Also, people say something on a chat site, get into an argument that involves defending their position, and then find it impossible to tell people they were in fact mistaken. So other readers are misled by what was said. I know a definite example of that when some claims were made about a hive near me. I contacted the guy & asked if I could have a look, went there, and the queen cells had the now remains of drone larvae. The guy was with me and understood the situation. All the same, later at the bee club I go to I overheard him discussing it and saying yes they were proper queen cells, AFTER he had seen they weren't. Either liked a good story, or could not admit a mistake.
 

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Google Thelytoky it explains all these scenarios. I don't think ABC and XYZ of Bee Culture touches on Thelytoky. Beesource search engine has a few articles about it. The the queen cells with the drone cells are usually torn down but I've seen them capped they're cap is flat in appearance. I've seen bees carry eggs but haven't seen them deposit them in a cell yet, something I'm very jnterested in. Just because I haven't seen it doesn't mean I don't believe it. Anything is possible. Thelytoky is real interesting reading for beekeepers by the way.
 

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Thelytoky, which I don't know how to pronounce LOL, always comes up in these discussions. When people think a certain thing happened, thelytoky explains it. What is not often mentioned is thelytoky happens primarily in Cape bees not European bees. Thus, it happens in Dee Lusby's bees, a possible African influence. In EHB it is so rare that some experts do not think it happens ever. In my own experience I have never seen a hopelessly queenless hive requeen itself as per Dee Lusby's claims, I have had the odd one attract a virgin from somewhere else though. And that is after dealing with thousands of queenless hives / nucs as a queen breeder.
 

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I've been working on Thelytoky for 10 years now. It's also in Russians,carniolans and, cordovan Italians your wrong not only in the Cape.Extremely rare though.I am currently waiting on 4 cells to hatch out tomorrow,more will hatch out the day after.Usually they tear the queen cells down right after capping to 5 days after capping.I've been able to consistently get them past the 5 day mark.Past 3 years I've hatched out a few .This year I'm making considerable progress.They'll actually hatch out in what I believe to be the proper time frame. This is something I'm very quiet about(skeptics come out of the wood work)Not trying to prove anything to anyone other than myself. They're definitely kept in an area that's well guarded and not in someones best interest to be.Legacy for my children and grand children.Not interested in writing a book or my name in headlines.Will reserve that for children,grandchildren and my greatgrand children. I am fortunate enough to have some of the strange and odd knowledge that I have. I believe I can explain to someone in terms the average person could understand. Succeeding in this is a very unnerving feeling for me .Shoots holes in a lot of my own beliefs.:eek:t:Sorry.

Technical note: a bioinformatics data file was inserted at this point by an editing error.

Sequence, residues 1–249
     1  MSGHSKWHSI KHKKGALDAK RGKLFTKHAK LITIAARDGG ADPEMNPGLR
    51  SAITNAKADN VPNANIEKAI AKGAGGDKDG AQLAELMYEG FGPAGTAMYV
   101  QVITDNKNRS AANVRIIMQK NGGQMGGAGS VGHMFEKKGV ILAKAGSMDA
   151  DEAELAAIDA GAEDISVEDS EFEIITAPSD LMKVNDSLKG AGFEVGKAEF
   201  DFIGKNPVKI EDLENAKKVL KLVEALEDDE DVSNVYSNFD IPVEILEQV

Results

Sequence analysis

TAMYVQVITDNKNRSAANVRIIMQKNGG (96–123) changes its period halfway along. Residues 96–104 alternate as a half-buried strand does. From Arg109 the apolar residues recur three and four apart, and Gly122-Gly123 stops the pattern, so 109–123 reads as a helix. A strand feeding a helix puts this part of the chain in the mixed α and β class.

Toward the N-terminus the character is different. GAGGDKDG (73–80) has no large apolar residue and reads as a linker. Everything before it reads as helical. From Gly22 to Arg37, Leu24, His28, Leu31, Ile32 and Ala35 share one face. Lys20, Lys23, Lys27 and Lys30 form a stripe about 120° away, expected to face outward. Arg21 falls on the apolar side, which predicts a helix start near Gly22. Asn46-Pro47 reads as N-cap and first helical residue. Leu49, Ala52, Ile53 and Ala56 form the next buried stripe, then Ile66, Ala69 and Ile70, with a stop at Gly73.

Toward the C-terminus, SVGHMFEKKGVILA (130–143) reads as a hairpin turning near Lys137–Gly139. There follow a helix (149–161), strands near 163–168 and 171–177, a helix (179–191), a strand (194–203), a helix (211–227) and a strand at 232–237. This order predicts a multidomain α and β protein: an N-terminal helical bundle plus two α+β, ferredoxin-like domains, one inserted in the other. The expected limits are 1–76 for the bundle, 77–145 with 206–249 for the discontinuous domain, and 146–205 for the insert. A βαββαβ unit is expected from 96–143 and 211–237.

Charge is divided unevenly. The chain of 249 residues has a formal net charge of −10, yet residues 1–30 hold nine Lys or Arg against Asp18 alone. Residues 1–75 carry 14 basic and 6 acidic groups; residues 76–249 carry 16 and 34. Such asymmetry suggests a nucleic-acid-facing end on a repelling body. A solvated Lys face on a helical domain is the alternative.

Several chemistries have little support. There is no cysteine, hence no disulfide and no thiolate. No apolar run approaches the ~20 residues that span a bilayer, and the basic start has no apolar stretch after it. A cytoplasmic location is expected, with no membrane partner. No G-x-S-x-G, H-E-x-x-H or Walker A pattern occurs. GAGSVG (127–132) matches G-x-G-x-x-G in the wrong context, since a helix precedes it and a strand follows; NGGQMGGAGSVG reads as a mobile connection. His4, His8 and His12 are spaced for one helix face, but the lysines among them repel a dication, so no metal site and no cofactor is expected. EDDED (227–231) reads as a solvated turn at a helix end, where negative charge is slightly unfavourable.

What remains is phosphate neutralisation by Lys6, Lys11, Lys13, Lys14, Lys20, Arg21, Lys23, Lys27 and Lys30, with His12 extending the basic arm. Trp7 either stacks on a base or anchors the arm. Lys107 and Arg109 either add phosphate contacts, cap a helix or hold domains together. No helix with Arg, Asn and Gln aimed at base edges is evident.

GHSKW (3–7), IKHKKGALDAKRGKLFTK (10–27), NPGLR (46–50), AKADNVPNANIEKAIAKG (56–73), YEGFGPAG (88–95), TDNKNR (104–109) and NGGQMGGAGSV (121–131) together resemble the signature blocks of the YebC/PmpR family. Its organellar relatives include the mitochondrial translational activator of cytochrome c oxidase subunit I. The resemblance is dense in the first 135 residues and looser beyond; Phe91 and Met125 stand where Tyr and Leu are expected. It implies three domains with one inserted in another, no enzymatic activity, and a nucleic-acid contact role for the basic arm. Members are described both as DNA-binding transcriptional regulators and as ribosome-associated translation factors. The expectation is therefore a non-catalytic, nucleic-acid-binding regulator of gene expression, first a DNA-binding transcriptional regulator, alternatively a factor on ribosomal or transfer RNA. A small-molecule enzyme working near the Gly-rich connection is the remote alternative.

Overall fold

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They are in a secret location and nobody else is allowed to have a look? Sounds very secret squirrel! ;)

A lot of the queen cells die prior to hatching? That's what happens when the eggs are laid by a laying worker and they are drones.
 

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Couple of days ago I saw something weird. Eggs in the honey box, egss in the brood box, and a new queen excluder between. What? The interesting thing was that the queen was not in the honey box, she was down. Weird, but finally I found a reasonable explanation: the top box had an entrance which was not fully closed as it should have been. She probbaly went out of the top box, walked down and went back into the brood box.